I also appreciated your post on changing a manuscript completely during revisions. That’s what my instincts are telling me to do and it is so helpful to know that my feelings are right and that I’m not making a mistake by basically starting over. Thank you, thank you, thank you. Now I can lay off of the cookie dough and get back to work.

  19. Marice Kraal’s avatar

    Thanks for this post, Mary. As always you give such good, solid advice. I particularly appreciated the advice about approaching a different agent at an agency that I’ve already approached. I learnt a lot about the flaws in my manuscript through the (sob) rejection process and have drastically changed it, but I was terribly worried I had forever blown my chances with those agencies. It sounds like I just have to be a bit patient and then try again later. By then, I might have a new project finished anyway. Your blog always gives encouragement to persist and above all, to improve. Thanks as always!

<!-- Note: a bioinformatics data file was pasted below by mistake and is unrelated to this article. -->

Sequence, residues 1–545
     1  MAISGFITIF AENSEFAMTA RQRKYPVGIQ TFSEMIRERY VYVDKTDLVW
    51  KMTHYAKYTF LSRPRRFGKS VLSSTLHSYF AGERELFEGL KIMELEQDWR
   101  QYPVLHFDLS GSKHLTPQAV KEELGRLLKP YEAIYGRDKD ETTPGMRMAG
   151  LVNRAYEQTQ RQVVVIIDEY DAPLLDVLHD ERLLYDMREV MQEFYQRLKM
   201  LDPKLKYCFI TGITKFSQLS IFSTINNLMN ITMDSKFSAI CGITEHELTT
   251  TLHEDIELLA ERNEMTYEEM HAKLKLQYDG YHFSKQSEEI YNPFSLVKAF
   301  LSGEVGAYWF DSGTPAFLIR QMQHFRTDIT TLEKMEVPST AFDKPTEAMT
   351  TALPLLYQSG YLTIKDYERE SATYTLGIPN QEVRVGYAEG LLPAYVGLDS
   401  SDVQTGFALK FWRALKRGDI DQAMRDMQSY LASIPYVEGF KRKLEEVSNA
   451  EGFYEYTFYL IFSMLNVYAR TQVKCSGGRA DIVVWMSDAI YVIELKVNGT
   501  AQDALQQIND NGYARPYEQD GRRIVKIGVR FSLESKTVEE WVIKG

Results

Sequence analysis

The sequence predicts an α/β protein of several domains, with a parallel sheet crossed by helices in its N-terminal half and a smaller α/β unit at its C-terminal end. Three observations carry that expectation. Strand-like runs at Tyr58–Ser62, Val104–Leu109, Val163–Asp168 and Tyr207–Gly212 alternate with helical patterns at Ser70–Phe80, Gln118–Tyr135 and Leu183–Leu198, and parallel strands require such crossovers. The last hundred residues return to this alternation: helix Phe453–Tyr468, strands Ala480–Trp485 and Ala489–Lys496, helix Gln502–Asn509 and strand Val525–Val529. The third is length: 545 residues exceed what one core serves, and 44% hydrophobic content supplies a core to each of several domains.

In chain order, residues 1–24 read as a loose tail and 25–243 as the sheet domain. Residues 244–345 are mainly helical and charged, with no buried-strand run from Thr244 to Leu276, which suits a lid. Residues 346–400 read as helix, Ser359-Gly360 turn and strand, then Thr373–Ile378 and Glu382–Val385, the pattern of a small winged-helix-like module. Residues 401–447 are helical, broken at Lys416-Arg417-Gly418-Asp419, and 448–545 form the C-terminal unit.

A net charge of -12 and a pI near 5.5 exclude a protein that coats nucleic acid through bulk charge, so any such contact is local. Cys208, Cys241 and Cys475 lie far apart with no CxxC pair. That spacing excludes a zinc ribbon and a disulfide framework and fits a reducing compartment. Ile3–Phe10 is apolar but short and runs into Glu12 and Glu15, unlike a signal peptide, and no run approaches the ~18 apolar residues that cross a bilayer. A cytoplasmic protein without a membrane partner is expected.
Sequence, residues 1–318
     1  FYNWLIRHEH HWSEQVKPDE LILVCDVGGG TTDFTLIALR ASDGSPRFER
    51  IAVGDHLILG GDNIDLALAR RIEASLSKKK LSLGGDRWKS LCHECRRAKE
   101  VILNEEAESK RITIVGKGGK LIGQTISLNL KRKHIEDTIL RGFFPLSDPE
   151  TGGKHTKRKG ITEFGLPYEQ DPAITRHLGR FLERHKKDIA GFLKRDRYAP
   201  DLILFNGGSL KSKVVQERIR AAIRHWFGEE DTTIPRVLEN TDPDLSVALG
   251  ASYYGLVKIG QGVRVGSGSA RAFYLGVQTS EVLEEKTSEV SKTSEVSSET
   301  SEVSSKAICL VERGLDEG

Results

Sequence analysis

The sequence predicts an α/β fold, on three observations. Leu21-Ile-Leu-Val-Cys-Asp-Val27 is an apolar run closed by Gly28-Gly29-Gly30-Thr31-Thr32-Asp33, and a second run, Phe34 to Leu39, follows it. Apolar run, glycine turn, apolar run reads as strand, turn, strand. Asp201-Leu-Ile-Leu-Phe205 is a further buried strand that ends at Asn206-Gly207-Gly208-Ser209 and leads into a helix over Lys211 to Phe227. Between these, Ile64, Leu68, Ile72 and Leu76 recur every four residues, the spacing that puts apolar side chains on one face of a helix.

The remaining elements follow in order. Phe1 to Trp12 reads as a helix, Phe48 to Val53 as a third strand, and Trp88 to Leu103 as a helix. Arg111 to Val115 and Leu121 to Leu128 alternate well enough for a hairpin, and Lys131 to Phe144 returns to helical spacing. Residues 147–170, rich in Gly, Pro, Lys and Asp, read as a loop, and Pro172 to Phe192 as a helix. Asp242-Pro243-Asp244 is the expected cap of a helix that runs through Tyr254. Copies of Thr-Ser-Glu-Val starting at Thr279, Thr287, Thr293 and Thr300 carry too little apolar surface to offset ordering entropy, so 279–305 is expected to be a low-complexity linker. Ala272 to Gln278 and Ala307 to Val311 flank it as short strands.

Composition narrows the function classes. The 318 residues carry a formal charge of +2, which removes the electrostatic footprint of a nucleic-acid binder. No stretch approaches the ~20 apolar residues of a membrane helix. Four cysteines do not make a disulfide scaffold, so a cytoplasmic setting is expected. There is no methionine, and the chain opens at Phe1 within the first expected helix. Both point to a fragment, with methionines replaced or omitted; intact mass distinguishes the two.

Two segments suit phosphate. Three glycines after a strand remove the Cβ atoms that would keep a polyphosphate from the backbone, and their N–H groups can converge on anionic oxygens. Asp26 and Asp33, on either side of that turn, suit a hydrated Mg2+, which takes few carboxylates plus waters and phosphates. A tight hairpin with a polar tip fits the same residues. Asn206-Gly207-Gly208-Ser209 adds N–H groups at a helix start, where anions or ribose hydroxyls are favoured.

20. katie’s avatar

    I think the best advice I ever got from a rejection was an indirect “Start the story where the story starts”- this helped me immensely. Mary’s blog says it here too in her post about book beginnings.

    Thermocline and Franziska- I’m with you girls. I never had any patience to begin with. It just doesn’t come naturally to me. BUT, I think querying right away did give me that much needed dose of reality and ever since I’ve been taking it a lot more slowly- making cuts and revisions, writer’s critiquing board, gunineau pig readers, and then testing the waters again to see what happens. Good luck to you both!

  21. Sheryl Gwyther’s avatar

    Hahaha, sorry about that, Mary! Yes, it will be a difficult thing to dissect because sometimes there are also differences between books that win awards, and books that are absolutely great reads.

    Are the award-winning books usually about something ‘deep and meaningful’? And well-written too, of course.

    I suppose what I’m saying is – can a book that is a ‘great read’ but not ‘deep and meaninful’ win awards? From what I’ve seen the later is necessary as well.

  22. Rob Kent’s avatar

    I wish I had remembered this post a few weeks ago:)